All Thatched Up
What is thatch?
Thatching is the craft of building a roof with dry vegetation such as straw, water reed, sedge, rushes and heather, layering the vegetation so as to shed water away from the inner roof. It is a very old roofing method and has been used in both tropical and temperate climates. Thatch is still employed by builders in developing countries, usually with low-cost, local vegetation. By contrast in some developed countries it is now the choice of well-to-do people who want their home to have a rustic look.
A combination of its compactness and the steep pitch of a thatched roof mean water runs off the roof by dropping from one end of a stem of reed to another. A new thatch will only ever get wet about 1" down from the surface.
The predominant thatching material in use in this country up until the 19th Century was straw but the main thatching materials in use today are water reed, longstraw and combed wheat reed. Sedge, a grass-like plant which grows in wetland areas, is also used extensively in ridging.
In the UK new water reed or straw is generally 12" - 15" thick although some properties with straw roofs have thatch thicker that this. Interestingly, it’ss not the thickness of the thatch, but the pitch of the reed on the roof that is the crucial element in shedding water. Often a thick coat of thatch will have a slacker pitch so isn’t necessarily any more effective. The length of the reed or straw also has a role to play in the efficiency of the thatch to shed water.
Generally because of the thickness of the thatch the bottom projects far enough away from the walls of the property to shed the water away from the walls without the need for gutters and downpipes. Water runs off the roof either into a soak-away trench - filled with small stones - or the water just finds its own way of soaking into the ground or drying on the surface of the ground.
As the final protective covering along the top of the roof, the purpose of the ridge is twofold: to conceal the last fixing rod and to provide an attractive finish to the roof.
Although a high quality ridge will only need replacing every 12-15 years, a poor quality ridge may only last 5-7 years. Sometimes, however, the ridge may look shabby, whilst still serving its purpose of keeping water out.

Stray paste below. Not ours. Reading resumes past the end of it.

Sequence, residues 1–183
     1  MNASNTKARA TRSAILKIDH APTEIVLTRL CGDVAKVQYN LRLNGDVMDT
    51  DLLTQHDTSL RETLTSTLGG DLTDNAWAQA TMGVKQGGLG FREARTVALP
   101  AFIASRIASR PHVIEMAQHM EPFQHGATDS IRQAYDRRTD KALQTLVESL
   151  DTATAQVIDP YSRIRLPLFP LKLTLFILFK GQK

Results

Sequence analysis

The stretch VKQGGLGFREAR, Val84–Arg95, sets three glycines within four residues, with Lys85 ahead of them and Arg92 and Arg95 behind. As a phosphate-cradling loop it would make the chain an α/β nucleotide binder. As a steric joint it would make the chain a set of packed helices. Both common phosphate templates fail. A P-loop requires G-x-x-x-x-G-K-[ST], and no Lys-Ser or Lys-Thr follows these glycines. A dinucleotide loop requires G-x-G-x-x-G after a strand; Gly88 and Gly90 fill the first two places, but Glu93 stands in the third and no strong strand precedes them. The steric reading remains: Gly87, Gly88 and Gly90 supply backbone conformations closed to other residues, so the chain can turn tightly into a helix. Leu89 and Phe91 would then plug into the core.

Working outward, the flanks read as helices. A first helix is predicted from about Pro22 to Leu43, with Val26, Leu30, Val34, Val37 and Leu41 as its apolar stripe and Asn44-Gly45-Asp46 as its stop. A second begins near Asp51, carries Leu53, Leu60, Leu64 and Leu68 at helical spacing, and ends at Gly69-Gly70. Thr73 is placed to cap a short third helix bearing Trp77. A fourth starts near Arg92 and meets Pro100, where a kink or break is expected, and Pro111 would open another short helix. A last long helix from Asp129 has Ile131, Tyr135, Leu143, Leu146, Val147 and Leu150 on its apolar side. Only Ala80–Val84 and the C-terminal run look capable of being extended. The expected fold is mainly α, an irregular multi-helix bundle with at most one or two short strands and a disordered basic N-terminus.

In the UK ridges are made from straw or sedge because this is easier to bend over and form a watertight bond at the apex.
Thatched roofs will have felt underneath. This is for 2 reasons; It keeps the property dry whilst thatching work is taking place and obviates the need for tarpaulins. Second it prevents dust and loose bits of reed/straw falling into the roof space after thatching has been completed.
Thatch will, of course, need to be replaced, but contrary to popular belief it can last decades – up to 40-50 years depending on the material used, the pitch and aspect of the roof and the quality of the workmanship. A new ridge will need to be fitted every 10-15 years though and at this time the whole roof can be dressed and cleaned and any moss removed.
Towards the end of its life, a thatched roof will require patching; however, regular inspection and maintenance of the thatch can prevent problems such as vermin damage or rot from shortening the lifespan of the roof.
Some thatched roofs will have wire netting on them. This is to protect straw roofs from birds (it is also fitted to ridges for the same reason) and it adds protection from strong winds etc especially in exposed sites.
What’s the advantage of a thatched roof?
Apart from its individuality and charm, the main advantage of thatch is that it has quite unique insulating properties meaning that the property stays cosy warm in winter and yet cool in summer. You can’t say this about more recently built properties!
If you are considering buying a property with a thatched roof then its important that you thoroughly check its condition.
Unlike a conventional roof, it is very obvious if a thatched roof is in poor shape, so take time to stand and look at the condition of the thatch:
o If fixings are exposed all over the roof, it indicates that the thatch is either nearing, or has reached the end of its life.
o If gullies are appearing (vertical deep patches of rot), these will require the attention of an experienced thatcher. Similarly, dark wet patches on the eaves close to the wall indicate the thatch is leaking.
o If the roof is covered in heavy moss, it could mean that the thatch is unable to breath and is therefore unable to dry out properly.